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UN-Gipfel in New York: Schritte in die richtige Richtung?

Programm_UN-Gipfel_in_New_York_Schritte_in_die_richtige_RichtungAm 24. und 25. September 2019 treffen sich die Staats- und Regierungschefs in New York, um die Fortschritte bei der Umsetzung der Agenda 2030 zu diskutieren. Vor dem Hintergrund der Klimakrise oder der steigenden Zahl der Hungernden weltweit sind die Erwartungen an den Gipfel hoch. Ist es der Staatengemeinschaft gelungen, die notwendigen Schritte in Richtung nachhaltige Entwicklung einzuleiten? Was bedeutet das Ergebnis für die deutsche und europäische Politik? Und welche politischen Entscheidungen sind notwendig, um eine kohärente Umsetzung zu ermöglichen?

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Initiative Lieferkettengesetz: Gegen Gewinne ohne Gewissen

Lieferkettengesetz-Motiv_Allgemein_sRGBErschreckende Berichte über brennende Fabriken, ausbeuterische Kinderarbeit oder zerstörte Regenwälder zeigen immer wieder: Freiwillig kommen Unternehmen ihrer Verantwortung nicht ausreichend nach. In einer neuen Kampagne fordert daher das Global Policy Forum gemeinsam mit einem breiten Bündnis zivilgesellschaftlicher Organisationen ein deutsches Lieferkettengesetz. Unternehmen, die Schäden an Mensch und Umwelt in ihren Lieferketten verursachen oder in Kauf nehmen, müssen dafür haften. Skrupellose Geschäftspraktiken dürfen sich nicht länger lohnen.

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UN-Gipfel in New York – Reagiert die Politik auf Klimakrise und Armut?

elijah-o-donnell-t8T_yUgCKSM-unsplashklDie Zahl der Hungernden steigt wieder, die Ungleichheit zwischen Armen und Reichen wächst, Artenvielfalt schwindet und die Klimakrise ist allgegenwärtig. In dieser Situation kommen Staats- und Regierungschefs, darunter Bundeskanzlerin Angela Merkel, im September zu einem Gipfel-Marathon in New York zusammen. Am 23. September lädt UN-Generalsekretär António Guterres zum Klimagipfel, direkt im Anschluss (24.-25.9.) findet der sogenannte „SDG-Gipfel“ zu den Zielen für nachhaltige Entwicklung statt. Am 26. September folgt eine Konferenz zur Finanzierung nachhaltiger Entwicklung. Bei unserem Pressebriefing wollen wir mit Ihnen über unsere Erwartungen an die Gipfel diskutieren.

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UN signs deal with Davos that threatens democratic principles

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Photo: UN Photo/Manuel Elias

A global corporate and government marriage took place mid June 2019 – and governments and citizens were not even invited as guests. The occasion was the signing of a memorandum of understanding between the corporate-led World Economic Forum (WEF) and the United Nations. The nuptial agreement commits the two institutions to unprecedented levels of cooperation and coordination in the fields of education, women, financing, climate change, and health. At first glance, this agreement may sound entirely beneficial. Harris Gleckman, senior fellow at the Center for Governance and Sustainability at the University of Massachusetts Boston and Director of Benchmark Environmental Consulting warns in this article that the memorandum is not just about cooperation, but rather establishes an institutional home for multinational corporations inside the UN. There is no similar space in the UN system for civil society, for academics, for religious leaders, or for youth. In its strong advocacy for a “multistakeholder” approach to global governance which demotes the primacy of states to make global decisions, it also marks a fundamental challenge to a nation-state global governance system that - despite its flaws - has clear obligations, responsibilities and liabilities.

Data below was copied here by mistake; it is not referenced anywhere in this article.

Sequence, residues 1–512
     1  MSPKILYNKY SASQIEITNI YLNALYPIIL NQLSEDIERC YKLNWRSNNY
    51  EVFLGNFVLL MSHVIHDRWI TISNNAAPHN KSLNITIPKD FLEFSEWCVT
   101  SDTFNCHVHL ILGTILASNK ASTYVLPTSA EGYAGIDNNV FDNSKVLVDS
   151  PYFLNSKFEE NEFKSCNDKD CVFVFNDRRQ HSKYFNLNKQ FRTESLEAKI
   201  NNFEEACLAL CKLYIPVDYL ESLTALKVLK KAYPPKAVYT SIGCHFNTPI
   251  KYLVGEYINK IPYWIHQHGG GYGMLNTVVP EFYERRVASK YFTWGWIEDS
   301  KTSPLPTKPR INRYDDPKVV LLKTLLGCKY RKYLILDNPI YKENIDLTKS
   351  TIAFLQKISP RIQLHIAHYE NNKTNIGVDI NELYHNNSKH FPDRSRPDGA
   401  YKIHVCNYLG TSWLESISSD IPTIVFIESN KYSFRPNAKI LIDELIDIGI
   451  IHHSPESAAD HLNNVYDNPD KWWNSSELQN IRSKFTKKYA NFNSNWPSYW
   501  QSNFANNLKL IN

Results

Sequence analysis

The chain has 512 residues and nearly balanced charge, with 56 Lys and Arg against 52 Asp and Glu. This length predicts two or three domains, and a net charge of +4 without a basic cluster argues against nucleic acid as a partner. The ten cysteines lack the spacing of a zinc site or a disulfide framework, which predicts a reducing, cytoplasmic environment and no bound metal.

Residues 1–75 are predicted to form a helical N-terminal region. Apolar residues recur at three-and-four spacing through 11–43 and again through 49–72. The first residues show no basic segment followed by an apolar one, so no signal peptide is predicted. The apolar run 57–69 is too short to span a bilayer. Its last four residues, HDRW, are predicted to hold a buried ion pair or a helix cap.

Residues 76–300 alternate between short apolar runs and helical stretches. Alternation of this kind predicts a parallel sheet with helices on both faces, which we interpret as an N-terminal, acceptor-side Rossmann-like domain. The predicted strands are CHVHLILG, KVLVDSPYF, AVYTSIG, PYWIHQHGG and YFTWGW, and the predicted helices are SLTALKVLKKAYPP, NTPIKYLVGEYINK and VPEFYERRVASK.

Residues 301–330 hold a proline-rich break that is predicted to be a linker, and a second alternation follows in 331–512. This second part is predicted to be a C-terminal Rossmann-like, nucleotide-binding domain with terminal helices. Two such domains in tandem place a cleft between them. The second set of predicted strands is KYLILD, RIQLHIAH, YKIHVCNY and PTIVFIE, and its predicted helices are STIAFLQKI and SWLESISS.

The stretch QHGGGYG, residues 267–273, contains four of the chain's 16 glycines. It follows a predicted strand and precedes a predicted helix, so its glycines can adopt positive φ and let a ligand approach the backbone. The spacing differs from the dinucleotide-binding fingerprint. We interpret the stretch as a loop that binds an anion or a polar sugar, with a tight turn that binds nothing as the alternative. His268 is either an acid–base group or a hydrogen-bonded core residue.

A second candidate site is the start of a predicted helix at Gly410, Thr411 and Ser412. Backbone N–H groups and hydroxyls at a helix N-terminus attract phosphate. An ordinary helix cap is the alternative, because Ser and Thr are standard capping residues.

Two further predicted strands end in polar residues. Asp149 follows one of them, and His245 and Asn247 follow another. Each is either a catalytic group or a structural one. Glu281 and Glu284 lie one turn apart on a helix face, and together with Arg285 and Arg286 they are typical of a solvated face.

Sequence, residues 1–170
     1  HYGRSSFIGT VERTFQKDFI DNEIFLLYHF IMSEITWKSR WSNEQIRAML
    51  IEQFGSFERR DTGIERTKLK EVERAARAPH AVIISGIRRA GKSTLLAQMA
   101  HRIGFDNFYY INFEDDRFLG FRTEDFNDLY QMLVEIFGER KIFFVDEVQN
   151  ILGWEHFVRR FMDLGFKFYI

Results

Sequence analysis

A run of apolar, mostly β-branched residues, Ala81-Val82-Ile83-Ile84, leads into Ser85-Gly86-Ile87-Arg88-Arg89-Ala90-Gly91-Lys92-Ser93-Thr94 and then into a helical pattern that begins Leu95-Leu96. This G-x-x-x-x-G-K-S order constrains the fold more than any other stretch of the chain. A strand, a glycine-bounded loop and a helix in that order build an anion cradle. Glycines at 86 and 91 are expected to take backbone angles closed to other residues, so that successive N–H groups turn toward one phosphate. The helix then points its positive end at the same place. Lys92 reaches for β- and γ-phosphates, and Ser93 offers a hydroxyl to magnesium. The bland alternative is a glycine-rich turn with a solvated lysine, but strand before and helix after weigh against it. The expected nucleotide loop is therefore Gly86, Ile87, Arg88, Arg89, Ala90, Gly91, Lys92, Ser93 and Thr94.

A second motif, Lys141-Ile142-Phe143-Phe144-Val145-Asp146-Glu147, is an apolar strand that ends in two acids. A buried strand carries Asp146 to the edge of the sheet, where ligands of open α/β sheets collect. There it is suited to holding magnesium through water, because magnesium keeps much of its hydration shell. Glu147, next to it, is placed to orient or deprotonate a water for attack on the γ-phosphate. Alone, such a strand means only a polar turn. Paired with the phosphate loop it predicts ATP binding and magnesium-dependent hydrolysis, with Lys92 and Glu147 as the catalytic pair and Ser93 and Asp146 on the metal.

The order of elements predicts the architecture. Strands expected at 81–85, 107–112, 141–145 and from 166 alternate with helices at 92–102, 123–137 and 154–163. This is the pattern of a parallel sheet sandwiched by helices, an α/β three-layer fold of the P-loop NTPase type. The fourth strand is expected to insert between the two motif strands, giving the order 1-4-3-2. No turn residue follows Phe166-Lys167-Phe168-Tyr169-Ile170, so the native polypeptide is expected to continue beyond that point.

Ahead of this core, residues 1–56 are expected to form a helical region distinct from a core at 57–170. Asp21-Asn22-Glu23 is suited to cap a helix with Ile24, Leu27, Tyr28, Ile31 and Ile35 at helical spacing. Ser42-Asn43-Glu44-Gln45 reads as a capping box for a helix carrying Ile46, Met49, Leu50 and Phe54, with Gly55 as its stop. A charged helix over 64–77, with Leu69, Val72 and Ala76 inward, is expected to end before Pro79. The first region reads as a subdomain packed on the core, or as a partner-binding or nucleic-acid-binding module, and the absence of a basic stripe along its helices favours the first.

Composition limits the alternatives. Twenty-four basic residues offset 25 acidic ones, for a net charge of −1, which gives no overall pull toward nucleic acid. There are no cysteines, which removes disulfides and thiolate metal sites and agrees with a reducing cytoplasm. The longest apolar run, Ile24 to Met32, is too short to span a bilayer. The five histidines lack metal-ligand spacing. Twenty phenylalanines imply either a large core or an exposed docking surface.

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Who is paying the bill? (Negative) impacts of EU policies and practices in the world

Who_is_paying_the_bill_2019_web_smallStudying EU policies thoroughly means studying policies of externalization. The thirteen chapters assembled in this publication constitute an impressive – impressively gloomy though – evidence for this assertion. Wherever you turn your eyes, whatever policy domain you may be concerned with: What at first glance may seem to be part of the European Union’s internal policies immediately turns out to be a story of externalities, a matter of spill-over effects transcending the borders of the European polity. And more often than not it is negative externalities that come into sight. Negative externalities that we should be talking about instead of obsessively trying to ignore them.

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Sustainable Development Needs a Hardware Update

logo-IPSWhen UN Member States adopted the 2030 Agenda and its SDGs in September 2015, they signaled with the title Transforming our World that ‘business as usual’ is no longer an option and fundamental changes in politics and society are necessary. Four years later they have to admit that they are off-track to achieve the SDGs. The global civil society report Spotlight on Sustainable Development 2019 shows that in many areas there is no progress at all, and in some even regression. In an op-ed published by IPS Inter Press Service, Jens Martens, executive director of Global Policy Forum and coordinator of the international Civil Society Reflection Group on the 2030 Agenda for Sustainable Development explains that a simple software update (of policies, norms and standards) is not enough – we have to revisit and reshape the hardware of sustainable development (i.e. governance and institutions at all levels).